40"The King will reply, 'I tell you the truth, whatever you did for one of the least of these brothers of mine, you did for me.'

41"Then he will say to those on his left, 'Depart from me, you who are cursed, into the eternal fire prepared for the devil and his angels. 42For I was hungry and you gave me nothing to eat, I was thirsty and you gave me nothing to drink, 43I was a stranger and you did not invite me in, I needed clothes and you did not clothe me, I was sick and in prison and you did not look after me.'

44"They also will answer, 'Lord, when did we see you hungry or thirsty or a stranger or needing clothes or sick or in prison, and did not help you?'

45"He will reply, 'I tell you the truth, whatever you did not do for one of the least of these, you did not do for me.'


46"Then they will go away to eternal punishment, but the righteous to eternal life."

I just gave the whole section of the chapter for context reasons. Interesting, huh? Of course, I have to admit, I'm just as guilty as neglecting the poor as a lot of the right-wingers are.
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Old 12-15-2005, 09:24 AM   #20
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coemgen -- EXACTLY! It's the same with same-sex marriage. How many times is same-sex marriage mentioned in the Bible? Sort of one. How many times is helping lepers mentioned in the Bible? Alot! Today's lepers just come with a different label -- AIDS -- and yet we don't want to help them. What about helping the poor? Alot! And yet we don't want to help them.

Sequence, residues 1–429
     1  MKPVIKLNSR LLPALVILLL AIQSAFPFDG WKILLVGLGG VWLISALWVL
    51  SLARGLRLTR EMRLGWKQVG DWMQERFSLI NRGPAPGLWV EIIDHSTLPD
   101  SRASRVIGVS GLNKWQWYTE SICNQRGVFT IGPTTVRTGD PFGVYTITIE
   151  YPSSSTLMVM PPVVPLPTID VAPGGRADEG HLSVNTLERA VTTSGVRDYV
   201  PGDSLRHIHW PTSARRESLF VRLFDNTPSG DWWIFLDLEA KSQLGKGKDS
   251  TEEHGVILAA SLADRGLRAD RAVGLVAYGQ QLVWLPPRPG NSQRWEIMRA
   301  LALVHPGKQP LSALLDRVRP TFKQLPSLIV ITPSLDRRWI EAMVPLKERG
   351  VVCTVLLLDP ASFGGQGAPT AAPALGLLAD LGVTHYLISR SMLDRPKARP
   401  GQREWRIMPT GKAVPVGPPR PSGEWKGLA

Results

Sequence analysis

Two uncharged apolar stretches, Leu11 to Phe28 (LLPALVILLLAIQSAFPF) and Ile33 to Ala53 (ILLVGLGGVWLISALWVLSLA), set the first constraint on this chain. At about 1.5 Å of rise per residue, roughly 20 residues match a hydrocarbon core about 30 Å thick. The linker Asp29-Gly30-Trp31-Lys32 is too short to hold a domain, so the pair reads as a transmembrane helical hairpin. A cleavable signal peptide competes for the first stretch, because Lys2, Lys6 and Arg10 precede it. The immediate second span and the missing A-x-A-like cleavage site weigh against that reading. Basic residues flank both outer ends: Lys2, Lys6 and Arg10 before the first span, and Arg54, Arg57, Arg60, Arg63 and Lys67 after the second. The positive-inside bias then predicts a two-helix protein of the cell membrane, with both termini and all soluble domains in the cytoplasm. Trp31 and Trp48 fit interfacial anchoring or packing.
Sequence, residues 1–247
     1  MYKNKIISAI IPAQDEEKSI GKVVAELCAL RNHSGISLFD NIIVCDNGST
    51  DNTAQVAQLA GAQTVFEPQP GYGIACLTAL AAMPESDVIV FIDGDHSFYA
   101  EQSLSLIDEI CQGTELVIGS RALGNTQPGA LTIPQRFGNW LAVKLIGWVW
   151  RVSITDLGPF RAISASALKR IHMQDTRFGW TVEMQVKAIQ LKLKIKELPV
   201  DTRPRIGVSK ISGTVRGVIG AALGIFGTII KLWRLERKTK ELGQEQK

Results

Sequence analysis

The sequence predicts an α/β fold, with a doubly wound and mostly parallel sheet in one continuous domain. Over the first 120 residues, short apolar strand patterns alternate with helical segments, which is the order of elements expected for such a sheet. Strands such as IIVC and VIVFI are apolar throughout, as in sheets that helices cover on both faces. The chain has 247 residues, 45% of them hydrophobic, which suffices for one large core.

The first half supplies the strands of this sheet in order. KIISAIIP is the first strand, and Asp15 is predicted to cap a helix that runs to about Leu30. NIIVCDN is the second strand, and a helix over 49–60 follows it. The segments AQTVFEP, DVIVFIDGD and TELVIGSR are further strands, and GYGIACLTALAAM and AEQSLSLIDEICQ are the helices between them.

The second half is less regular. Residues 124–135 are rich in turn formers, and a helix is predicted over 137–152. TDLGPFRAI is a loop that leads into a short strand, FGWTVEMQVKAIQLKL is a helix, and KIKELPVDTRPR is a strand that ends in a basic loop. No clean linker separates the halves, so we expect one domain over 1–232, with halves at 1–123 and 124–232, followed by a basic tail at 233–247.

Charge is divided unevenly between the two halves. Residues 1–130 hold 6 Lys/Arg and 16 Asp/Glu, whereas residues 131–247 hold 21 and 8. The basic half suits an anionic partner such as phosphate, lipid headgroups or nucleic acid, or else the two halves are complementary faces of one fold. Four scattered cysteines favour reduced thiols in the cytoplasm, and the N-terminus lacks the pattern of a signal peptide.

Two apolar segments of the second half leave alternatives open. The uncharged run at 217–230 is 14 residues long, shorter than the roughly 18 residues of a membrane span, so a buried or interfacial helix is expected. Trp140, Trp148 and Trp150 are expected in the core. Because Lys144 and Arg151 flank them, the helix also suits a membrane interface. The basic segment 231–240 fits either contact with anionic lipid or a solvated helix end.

I've heard it said before and I believe it to be true -- you aren't a Christian if you go to Church on Sunday to worship God. You are a Christian if you walk out of that Church and live your whole life as if you were following God. There is a difference.
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Old 12-15-2005, 10:21 AM   #21
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Sadly, both right and left have sold their souls for a mess of political porridge-both using the gospel for political gain.
Amen to that.
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Old 12-15-2005, 10:27 AM   #22
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Amen to that.


we all know how the Right does it.

how does the Left?

(i mean this seriously, not rhetorical)
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Old 12-15-2005, 11:44 AM   #23
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Originally posted by Irvine511
but this gets to precisely the heat of the issue -- it doesn't matter how many hospitals you sing in or how many food banks you organize, the fundamental causes of homelessness, poverty, and most of society's ills are simply too complex to be tackled by individuals and charity groups. only government has the organizational capacity to address structural social problems. i think all these charitable works are commendable, but it's essentially one step forward two steps back if these same people are voting for politicians because they hold similar views on abortion or gay marriage and then these politicians turn around and cut taxes for the wealthy in the form of stock dividends and capital gains that aid the top 1 percent of taxpayers who make over $1m a year, and all this against the backdrop of the 1/2 a trillion for iraq and the katrina catastrophe and the medicare drug benefit. so what happens? fewer food stamps, less medicaid, and disappearing housing assistance -- all things that make real, palpable differences in the life of the poor and the very near poor.
That is quite a spring board for discussion!

I guess one of the fundamental differences is the view that government can cure all the ills. The US, with its might economy, has been tackling society's ills with increasing efforts over the last century. Yet, I would suggest that while many symptoms have been addressed, the ills remain. The government is only a subset of the people. All people can do far more than a government can. I would have a hard time calling a Libertarian morally irresponsible because they wanted a small government.